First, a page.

The Australian women's football team's withdrawal from a training camp over a wage dispute has again put the pay gap between male and female athletes under the microscope.
"This decision has not been taken lightly, however the players feel they have been left with little option as the current proposal is simply unacceptable," Professional Footballers Australia (PFA) chief executive Adam Vivian said in a statement.
"[Football Federation Australia] has failed to recognise the significant sacrifices the Matildas players are forced to make in playing for their country."
Women's sport is slowly gaining more television attention in Australia, but female athletes are paid vastly smaller amounts than their male counterparts.
Players contracted with the Matildas earn a base salary of just $21,000 a year, with extra payments of $500 for a standard international game or World Cup group stage match. By comparison, in 2013/14 the Australian men's team earned $6500 per standard game, and $7500 for a World Cup group match.
Despite the enormous pay gulf, Australia boasts an impressive number of women's world champions -- and on the world stage, our women are actually far, far outperforming the men. We thought we'd tally up the recent international triumphs, and find out where things stand.
AUSTRALIAN MEN'S ATHLETES:
Rugby Union: the Wallabies have lost the Bledisloe Cup 13 times in a row, came third in the 2011 World Cup, and are fourth in betting odds on many agencies for the upcoming World Cup. We hold no major trophies.
Football: the Socceroos struggled at the last World Cup, coming 30th, but our boys do hold the Asian Cup after the landmark 2015 win.
Cricket: you probably don't need reminding, but we lost the Ashes this year. We did win the One Day International World Cup earlier this year though, but we crashed at the Twenty20 World Cup in 2014.
Rugby League: the Kangaroos lost the last Four Nations final in 2014, but are reigning world champions after winning the 2013 World Cup.
Basketball: the Boomers have struggled on the world stage recently, not doing well at the 2012 Olympics or the 2014 FIBA World Cup. We did win the Oceania Championship this year, though.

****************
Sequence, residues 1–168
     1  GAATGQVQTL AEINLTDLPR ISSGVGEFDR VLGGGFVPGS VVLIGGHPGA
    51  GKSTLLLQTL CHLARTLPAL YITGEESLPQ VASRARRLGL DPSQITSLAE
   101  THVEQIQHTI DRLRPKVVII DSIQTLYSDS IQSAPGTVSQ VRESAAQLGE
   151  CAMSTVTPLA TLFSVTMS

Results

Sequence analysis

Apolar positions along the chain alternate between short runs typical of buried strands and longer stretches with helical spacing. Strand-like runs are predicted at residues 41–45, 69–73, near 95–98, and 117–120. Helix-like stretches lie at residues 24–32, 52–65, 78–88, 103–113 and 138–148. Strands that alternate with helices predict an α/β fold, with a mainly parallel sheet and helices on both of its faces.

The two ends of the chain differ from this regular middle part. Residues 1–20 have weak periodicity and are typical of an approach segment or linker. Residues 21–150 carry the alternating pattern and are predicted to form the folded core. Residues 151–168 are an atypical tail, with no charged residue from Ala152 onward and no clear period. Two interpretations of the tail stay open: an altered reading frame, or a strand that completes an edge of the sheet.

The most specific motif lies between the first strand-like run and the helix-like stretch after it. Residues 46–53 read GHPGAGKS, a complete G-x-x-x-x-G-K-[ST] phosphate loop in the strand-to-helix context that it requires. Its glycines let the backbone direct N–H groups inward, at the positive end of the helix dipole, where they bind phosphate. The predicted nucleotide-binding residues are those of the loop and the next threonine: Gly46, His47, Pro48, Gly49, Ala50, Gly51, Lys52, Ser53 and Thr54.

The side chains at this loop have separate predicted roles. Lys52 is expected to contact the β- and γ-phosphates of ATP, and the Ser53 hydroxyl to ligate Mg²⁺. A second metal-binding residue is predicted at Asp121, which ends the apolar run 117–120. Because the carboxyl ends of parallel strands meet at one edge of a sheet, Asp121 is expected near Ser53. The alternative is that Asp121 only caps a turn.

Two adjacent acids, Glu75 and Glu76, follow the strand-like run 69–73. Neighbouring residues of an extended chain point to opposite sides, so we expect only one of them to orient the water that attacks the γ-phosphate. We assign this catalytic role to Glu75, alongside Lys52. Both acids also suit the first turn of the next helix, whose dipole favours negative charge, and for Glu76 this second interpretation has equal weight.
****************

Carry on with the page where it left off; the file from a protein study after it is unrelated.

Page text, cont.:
Swimming: The men won ZERO gold medals at the 2012 Olympics. At the 2015 FINA championships, Mitch Larkin was our shining hope, winning gold in the 100m and 200m backstroke.
Athletics: Aussie men currently hold zero Olympic or world championship titles.
Golf: Jason Day famously won the PGA Championship earlier this year.
Surfing: an Aussie doesn't currently hold the world title
For the men, that's a total of 7 reigning champions. How do the women compare?
AUSTRALIAN WOMEN'S ATHLETES:
Rugby Union: we don't hold any titles.
Football: at the World Cup, the Matildas have made the quarter finals at the last three tournaments. By comparison, the Socceroos have made the same stage only once. They came runners-up in 2014 AFC Women’s Asian Cup after being the champions in 2010.
Cricket: Our women's cricket team, the Southern Stars, are certified world-beaters. They are the reigning World Cup champions, Twenty20 champions, and regained some Ashes credibility by winning the women's Ashes recently.
Rugby League: the Jillaroos won the 2013 World Cup.
Netball: the Diamonds just won the 2015 World Cup.
Basketball: Aussie women won bronze at the 2012 Olympics and 2014 World Cup, but also hold the Oceania Championship.
Swimming: our women won the only Aussie swimming gold at the 2012 Olympics, notching victory in the 4x100m freestyle relay. The girls also won five gold medals at the 2015 world championships, thanks to Bronte Campbell in the 50m and 100m freestyle, Emily Seebohm in the 100m and 200m backstroke, and again the 4x100m freestyle relay team.
Athletics: Champion hurdler Sally Pearson won gold at the 2012 Olympics, but our women currently hold no world championship titles.
Cycling: Anna Meares won the only Aussie cycling gold at the 2012 Olympics, winning the women's sprint.
Golf: No titles held by Aussie women.
Surfing: Stephanie Gilmore is the current world title holder, and has won won six of the last seven titles.
All up, that's an amazing 15 reigning champions among our female athletes.
Surely, the case for bridging the pay gap is becoming stronger.